To help answer these questions, J-PAL North America’s Education, Technology, and Opportunity Initiative is working to build the evidence base on promising uses of education technology by partnering directly with education leaders.

Education leaders are invited to submit letters of interest to partner with J-PAL North America through its Innovation Competition. Anyone interested in learning more about how to apply is encouraged to contact initiative manager Vincent Quan.

Virtual Reality and Subliminal Marketing

March 20, 2019  – By Daniel Burrus, Futurist Speaker, Business Strategist, Author and Advisor

Virtual reality (VR) has become a reality, as nearly every tech company has created a product that features it, and it is now seen by many as mainstream. Facebook-owned Oculus Rift, PlayStation VR, and the HTC Vive are just a few examples of household names that have launched us into the future of the immersive experience.

There is little doubt that VR has the potential to revolutionize the entire entertainment, tourism and even learning industries if audiences adopt the concept of strapping a device to their heads. At the same time, there will be those who feel instantly compelled to compare the technology to such fads as the first 3D television.

However, if the masses embrace VR as predicted, should we be concerned that this completely immersive experience could lead us once again down the dark road of sinister subliminal advertising?

Applied to VR equipment and other, similar technology, subliminal advertising has the increasing capability of wielding a much deeper impact on the unknowing user. Given the vast, immersive characteristics of the VR environment. Consider one concept we’ve seen, where music apps and a smartwatch claim to play subliminal messages at a frequency overlaying music that cannot be detected by the ear, but only by the subconscious brain. This seemingly harmless idea could be incredibly valuable to savvy advertising agencies, as well as to candidates running for office.

Removing the everyday distractions of modern life and locking consumers away in an entirely immersive experience is every marketer’s dream — so before “plugging in,” we should all consider the potential implications of the use of this unregulated technology  to manipulate us.

When we take a closer look at the advertising that surrounds us, it’s obvious that subliminal messages are real and powerful, as seen in one 2015 example created by a Brazilian advertising agency. The advertisers placed a billboard of people yawning at a busy metro station in Sao Paulo. This “contagious billboard” was fitted with a motion sensor that automatically detected when commuters were passing by and then displayed a video of somebody yawning.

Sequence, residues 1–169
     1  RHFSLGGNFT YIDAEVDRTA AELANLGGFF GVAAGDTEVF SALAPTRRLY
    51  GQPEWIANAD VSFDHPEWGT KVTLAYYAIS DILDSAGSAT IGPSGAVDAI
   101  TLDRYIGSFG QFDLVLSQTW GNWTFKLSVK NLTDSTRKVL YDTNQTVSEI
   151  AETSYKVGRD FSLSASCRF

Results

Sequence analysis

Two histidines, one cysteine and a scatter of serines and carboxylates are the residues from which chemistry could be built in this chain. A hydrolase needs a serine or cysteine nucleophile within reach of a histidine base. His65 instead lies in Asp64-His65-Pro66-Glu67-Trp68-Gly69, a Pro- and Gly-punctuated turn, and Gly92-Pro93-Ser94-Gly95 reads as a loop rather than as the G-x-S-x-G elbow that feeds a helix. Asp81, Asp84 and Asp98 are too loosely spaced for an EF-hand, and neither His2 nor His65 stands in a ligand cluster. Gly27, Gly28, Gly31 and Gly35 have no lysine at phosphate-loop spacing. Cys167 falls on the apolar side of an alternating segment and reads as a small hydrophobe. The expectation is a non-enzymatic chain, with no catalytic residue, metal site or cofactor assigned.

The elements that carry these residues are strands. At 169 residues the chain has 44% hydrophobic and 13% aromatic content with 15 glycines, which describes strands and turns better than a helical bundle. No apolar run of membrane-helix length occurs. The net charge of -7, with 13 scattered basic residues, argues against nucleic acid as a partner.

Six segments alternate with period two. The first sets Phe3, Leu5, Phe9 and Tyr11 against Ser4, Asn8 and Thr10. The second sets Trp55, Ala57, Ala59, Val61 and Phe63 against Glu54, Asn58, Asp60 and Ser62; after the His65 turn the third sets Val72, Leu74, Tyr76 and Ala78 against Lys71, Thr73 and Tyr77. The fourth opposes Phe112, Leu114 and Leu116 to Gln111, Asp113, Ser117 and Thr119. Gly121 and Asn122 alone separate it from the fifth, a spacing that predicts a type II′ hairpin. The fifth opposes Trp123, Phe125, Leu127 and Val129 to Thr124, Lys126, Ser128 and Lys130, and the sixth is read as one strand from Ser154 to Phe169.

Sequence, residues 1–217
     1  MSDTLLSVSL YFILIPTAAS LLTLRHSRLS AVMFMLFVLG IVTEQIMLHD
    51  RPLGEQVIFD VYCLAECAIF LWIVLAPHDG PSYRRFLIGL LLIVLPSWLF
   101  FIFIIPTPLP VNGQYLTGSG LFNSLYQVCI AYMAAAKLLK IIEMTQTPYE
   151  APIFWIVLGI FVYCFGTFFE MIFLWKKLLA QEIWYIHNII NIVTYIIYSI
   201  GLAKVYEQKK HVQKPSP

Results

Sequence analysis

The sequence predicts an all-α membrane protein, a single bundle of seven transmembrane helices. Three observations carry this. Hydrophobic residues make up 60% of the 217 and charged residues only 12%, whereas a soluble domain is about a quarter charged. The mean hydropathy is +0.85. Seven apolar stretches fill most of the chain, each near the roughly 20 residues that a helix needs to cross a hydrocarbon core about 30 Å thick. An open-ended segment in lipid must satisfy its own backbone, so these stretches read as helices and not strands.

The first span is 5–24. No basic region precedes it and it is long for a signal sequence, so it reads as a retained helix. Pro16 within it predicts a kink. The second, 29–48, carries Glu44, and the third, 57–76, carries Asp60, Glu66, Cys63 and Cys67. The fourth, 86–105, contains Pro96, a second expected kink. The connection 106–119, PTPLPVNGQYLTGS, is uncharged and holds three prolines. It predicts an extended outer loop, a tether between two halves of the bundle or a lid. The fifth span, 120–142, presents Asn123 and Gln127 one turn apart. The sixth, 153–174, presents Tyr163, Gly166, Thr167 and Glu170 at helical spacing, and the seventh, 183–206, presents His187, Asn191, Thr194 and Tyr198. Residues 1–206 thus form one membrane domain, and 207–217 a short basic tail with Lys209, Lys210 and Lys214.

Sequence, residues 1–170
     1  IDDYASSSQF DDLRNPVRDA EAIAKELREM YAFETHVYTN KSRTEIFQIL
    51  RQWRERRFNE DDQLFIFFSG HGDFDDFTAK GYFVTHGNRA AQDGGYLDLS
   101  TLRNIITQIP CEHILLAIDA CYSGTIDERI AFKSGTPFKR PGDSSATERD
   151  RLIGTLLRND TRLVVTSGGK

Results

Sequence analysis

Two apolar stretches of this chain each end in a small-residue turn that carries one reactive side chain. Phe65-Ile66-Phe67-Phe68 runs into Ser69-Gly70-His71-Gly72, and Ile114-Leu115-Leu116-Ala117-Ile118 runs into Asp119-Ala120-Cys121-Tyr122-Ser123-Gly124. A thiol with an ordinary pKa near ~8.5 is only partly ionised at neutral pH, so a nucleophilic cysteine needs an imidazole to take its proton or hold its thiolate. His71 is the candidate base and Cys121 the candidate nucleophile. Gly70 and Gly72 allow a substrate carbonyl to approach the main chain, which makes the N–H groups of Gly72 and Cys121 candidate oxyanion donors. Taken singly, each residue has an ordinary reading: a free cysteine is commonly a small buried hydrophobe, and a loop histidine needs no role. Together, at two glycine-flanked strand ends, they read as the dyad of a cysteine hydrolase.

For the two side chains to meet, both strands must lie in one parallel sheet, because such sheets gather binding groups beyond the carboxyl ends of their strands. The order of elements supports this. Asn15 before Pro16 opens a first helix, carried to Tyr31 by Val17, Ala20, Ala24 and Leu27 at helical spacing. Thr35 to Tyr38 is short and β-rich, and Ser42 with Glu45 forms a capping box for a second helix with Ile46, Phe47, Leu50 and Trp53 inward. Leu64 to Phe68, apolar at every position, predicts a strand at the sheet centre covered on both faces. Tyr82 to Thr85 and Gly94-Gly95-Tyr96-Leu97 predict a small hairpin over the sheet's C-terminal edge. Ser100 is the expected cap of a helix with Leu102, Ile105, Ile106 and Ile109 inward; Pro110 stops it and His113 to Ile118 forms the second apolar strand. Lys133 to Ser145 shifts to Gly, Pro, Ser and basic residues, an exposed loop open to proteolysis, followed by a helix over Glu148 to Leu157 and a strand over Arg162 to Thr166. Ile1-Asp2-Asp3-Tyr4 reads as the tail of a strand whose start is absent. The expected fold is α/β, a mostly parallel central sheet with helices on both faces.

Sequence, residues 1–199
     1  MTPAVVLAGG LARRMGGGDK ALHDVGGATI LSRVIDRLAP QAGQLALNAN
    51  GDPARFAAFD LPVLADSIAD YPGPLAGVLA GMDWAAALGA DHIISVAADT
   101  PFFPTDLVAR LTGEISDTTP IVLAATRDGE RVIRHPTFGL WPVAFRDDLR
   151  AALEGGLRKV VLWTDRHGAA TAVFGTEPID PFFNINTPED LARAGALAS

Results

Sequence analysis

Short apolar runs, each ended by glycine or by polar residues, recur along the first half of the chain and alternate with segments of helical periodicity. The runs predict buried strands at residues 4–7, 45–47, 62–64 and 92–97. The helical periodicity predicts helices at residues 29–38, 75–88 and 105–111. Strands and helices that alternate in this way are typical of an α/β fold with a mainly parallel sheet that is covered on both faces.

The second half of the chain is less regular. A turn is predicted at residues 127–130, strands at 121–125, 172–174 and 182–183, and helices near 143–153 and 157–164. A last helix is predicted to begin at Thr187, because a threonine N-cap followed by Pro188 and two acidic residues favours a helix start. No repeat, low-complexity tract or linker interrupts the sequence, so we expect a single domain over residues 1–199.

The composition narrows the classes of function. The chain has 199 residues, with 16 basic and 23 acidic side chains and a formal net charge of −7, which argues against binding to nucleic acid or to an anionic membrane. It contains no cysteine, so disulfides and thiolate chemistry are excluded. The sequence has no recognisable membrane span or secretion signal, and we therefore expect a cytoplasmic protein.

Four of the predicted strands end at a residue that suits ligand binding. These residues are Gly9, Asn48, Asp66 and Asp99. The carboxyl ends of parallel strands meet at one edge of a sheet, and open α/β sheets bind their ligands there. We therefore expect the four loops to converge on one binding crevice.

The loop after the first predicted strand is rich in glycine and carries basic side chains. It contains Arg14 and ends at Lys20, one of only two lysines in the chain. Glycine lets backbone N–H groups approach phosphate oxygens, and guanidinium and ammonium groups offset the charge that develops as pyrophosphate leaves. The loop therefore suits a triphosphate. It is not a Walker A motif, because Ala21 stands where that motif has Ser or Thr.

The campaign aimed to convince passers-by that they were tired by using infectious yawning.  The billboard followed the yawning video with this message: “Did you yawn, too? Time for coffee!” If it is possible to convince busy commuters to buy coffee by broadcasting a subliminal message, can you imagine the power potentially wielded within an immersive virtual reality experience that is completely free from distraction?

The gathering of data from our online purchases already allows subtle messaging for influential purposes, so the adverts that pop up and the messages we receive are certainly no accident or coincidence. Everywhere we turn, we are unwittingly subjected to product placements in video games and movies, but we congratulate ourselves on being able to see the messages and resist their pull. However, would we be as resistant to such messages if they appeared while we were completely immersed in virtual reality?

There is an enormous responsibility for any advertising agency considering bringing any form of advertising or marketing to virtual reality. If the consumer experience is in any way tainted by the out-of-date and detested marketing messages from our past, consumers will fail even to adopt the medium.

The main problem is that the current method of advertising is broken, and billions of dollars are wasted on ads that are either not seen or deemed irrelevant to a consumer’s lifestyle. This change in customer behavior is ushering in a new era of marketing called “targeted display advertising” (TDA) that uses consumers’ own data to deliver personalized ads that resonate with them.

Organizations finally have a handle on big data, and they will be able to leverage our mobile devices to learn what we’re interested in even before we clearly know ourselves, based solely on our browsing histories.

As we drift between devices and screens, we have surrounded ourselves with wave of white noise that has become a frustrating obstacle for any advertiser striving to stand out amongst  all the distractions. However, a headset that removes any form of outside interruption by pumping sound into a consumer’s ears and preventing his or her eyes from wandering could make subliminal messaging hard to avoid.

Before becoming paranoid about what’s to come, it is important to understand how this technology can also be used for the greater good, too.

Virtual reality can make a positive difference in our lives by opening up fantastic opportunities for learning, rehabilitation, teaching and tourism. But I would like to see more conversations and debates about how subliminal marketing messages should be used in that environment, to help solve any problems before they occur.

What are your thoughts on the immersive experience virtual reality delivers to audiences, and about the benefits and downsides of its being leveraged to deliver subliminal messaging?

To better determine and understand the Hard Trend opportunities the immersive experience virtual reality delivers to audiences, get my latest book The Anticipatory Organization.

Pick up your copy today at www.TheAOBook.com